Effectiveness of the 360-degrees appraisal tool in human resource practice in Kenya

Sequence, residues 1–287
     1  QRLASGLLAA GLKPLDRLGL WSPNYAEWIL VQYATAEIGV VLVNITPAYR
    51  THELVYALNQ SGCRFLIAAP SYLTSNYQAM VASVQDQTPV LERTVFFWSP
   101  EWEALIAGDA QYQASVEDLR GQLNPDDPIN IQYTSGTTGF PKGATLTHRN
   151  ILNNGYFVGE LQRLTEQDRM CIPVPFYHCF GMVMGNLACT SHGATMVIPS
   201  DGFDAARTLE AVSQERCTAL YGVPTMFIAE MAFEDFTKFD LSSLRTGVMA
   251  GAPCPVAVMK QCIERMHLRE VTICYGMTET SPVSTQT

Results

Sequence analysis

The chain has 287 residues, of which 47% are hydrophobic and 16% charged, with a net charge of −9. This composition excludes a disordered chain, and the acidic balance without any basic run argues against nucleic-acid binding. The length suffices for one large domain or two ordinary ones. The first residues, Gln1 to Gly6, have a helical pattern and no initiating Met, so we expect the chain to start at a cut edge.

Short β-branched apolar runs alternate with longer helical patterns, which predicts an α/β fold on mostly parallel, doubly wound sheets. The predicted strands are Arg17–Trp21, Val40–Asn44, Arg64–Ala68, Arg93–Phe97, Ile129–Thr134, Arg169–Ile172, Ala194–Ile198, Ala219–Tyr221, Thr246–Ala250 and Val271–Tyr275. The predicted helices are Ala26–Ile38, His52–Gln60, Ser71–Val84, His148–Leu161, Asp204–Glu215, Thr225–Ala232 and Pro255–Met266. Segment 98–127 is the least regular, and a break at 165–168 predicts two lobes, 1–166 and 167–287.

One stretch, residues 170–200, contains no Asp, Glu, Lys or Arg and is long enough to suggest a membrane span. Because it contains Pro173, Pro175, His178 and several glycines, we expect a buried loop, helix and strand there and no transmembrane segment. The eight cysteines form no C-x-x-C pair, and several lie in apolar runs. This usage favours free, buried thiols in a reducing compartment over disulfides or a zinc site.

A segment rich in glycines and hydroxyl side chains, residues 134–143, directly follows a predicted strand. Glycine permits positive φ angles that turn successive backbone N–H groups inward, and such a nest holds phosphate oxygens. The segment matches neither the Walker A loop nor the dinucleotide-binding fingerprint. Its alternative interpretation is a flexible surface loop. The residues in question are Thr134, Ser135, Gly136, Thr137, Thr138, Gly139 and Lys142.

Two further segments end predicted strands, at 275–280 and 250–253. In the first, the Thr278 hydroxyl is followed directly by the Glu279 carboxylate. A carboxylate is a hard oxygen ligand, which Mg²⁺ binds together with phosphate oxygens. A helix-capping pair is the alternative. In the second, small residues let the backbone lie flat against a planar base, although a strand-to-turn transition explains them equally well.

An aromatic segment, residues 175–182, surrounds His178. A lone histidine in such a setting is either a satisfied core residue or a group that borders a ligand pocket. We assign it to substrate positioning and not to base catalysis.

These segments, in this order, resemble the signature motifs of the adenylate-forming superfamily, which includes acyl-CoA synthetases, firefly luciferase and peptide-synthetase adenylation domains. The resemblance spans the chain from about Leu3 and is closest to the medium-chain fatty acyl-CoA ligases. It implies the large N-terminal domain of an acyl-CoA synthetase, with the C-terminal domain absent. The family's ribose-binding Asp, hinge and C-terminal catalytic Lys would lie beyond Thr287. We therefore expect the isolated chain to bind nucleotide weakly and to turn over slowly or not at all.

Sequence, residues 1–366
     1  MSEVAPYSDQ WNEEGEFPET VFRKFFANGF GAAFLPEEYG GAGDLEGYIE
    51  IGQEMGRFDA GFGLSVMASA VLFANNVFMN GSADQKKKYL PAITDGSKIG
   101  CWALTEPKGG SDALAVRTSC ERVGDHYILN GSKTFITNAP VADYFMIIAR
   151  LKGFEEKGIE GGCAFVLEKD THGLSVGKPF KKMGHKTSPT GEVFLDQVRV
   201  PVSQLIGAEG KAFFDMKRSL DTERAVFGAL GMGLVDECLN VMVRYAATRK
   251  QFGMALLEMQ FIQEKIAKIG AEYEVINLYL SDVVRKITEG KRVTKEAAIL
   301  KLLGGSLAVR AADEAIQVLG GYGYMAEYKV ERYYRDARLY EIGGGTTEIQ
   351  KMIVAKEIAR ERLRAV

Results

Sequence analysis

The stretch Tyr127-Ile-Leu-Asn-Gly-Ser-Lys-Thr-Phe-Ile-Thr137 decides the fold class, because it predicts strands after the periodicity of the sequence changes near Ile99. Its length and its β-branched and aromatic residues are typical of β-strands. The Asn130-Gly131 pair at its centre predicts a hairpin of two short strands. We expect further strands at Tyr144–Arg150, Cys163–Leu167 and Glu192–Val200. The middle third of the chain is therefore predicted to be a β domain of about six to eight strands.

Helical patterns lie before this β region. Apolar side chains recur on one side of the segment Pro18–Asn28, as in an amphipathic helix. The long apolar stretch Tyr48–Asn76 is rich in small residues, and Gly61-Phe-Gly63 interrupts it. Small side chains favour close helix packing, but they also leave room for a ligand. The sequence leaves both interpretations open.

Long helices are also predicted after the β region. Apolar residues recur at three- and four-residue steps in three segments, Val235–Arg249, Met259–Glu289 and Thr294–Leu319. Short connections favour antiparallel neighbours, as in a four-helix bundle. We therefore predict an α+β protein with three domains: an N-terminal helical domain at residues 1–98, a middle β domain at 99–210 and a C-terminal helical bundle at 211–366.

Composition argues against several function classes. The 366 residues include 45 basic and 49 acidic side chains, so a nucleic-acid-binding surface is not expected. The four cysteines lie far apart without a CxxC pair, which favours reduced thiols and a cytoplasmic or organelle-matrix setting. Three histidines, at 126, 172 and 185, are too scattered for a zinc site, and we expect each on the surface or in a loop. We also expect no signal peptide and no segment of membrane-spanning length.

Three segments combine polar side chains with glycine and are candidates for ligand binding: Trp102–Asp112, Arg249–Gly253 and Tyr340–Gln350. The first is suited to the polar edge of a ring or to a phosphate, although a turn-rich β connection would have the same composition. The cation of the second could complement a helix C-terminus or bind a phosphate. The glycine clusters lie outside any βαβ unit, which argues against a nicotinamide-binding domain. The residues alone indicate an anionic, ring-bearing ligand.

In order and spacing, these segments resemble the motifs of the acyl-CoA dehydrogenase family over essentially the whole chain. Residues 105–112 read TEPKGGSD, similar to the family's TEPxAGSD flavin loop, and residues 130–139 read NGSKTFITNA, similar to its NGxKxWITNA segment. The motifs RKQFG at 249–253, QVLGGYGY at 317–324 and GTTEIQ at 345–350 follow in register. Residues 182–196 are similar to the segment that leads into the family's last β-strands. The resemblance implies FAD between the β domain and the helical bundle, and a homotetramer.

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1 Herald Journal of Marketing and Business Management Vol. 3 (1), pp June, 2014 Available online Copyright 2014 Herald International Research Journals ISSN: Full Length Research Paper Effectiveness of the 360-degrees appraisal tool in human resource practice in Kenya Tarus Benjamin Kipchumba Kapsabet, P. O. BOX , Kenya Corresponding author Received July 19, 2012 Accepted November4, 2012 Given the complex nature and competitive environment under which they operate, organizations are faced with problems of demotivated staff and rivalry resulting in poor performance with feedback being the major constraint. This paper examines the effectiveness of 360-degrees appraisal tool in Human resource practice and how it affects the perceived usefulness, based on a study of the Municipal Council of Nakuru. The study targeted employees from 8 departments with a total population of 1062 employees but it employed 282 respondents. Stratified sampling technique was used on the basis of departments for employees. To select specific respondents among employees, purposive sampling technique was used. The data obtained was coded and analysis was done using central tendency, bar graphs, percentages and Chi-square. The study findings revealed that the 360 degrees affects organization performance, which suggests that there is a significant relationship between the organizational use of 360 degrees appraisal tool and it s performance. The study recommends that the organizations evaluate the outcomes of 360 appraisal tool and compare with the past tools. It would be beneficial to incorporate 360 feedbacks into a larger performance management process, but only with clear communication on how the 360 feedback will be used. The study contributes largely to the improvement of performance in local authorities by ensuring that the activities identified take into consideration the needs of the authorities and individuals. Its findings and recommendations are also important to the management when planning for performance appraisal sessions as well as in reviewing individual performance. The study also sheds light on the strengths, weaknesses and opportunities of the 360 degrees feedback system. Keywords: Effectiveness, 360-Degrees Appraisal Tool, Human Resource Practice, Kenya INTRODUCTION Research into performance appraisal has received continued attention over the years from both scholars and practitioners as they seek the most effective method of performance appraisal. Although the use of performance appraisal has increased over the last few decades, the practice of formally evaluating employees has existed for centuries. As early as the third century A.D., Sin Yu, an early Chinese philosopher, criticized a biased rater employed by the Wei Dynasty on the grounds that the Imperial Rater of Nine Grades seldom rates men according to their merits but always according to his likes and dislikes (Patten, 1997, p. 352). Systematic employee appraisal techniques came into prominence just after the end of World War I. During the War, Walter Dill Scott succeeded in persuading the United States Army to adopt man-to-man rating system for evaluating military officers, although formal performance appraisal probably began in the United States in 1813 (Bellows and Estep, 1954) when army General Lewis Cass submitted to the War Department an evaluation of each of his men using such terms as a good-natured man or knave despised by all (Murphy and Cleveland, 1995, p. 3). Performance appraisal has been around for a long time. It was not originally developed for the civilian workforce. It was developed in the Army. One of the earliest recorded efforts at appraising job performance incurred an unlikely organization, the U.S. Army (Cadwell, 1995, p. 23). Not long after that, some other branches of the government began implementing formal evaluations which are now known as performance appraisals. By the early 1900s,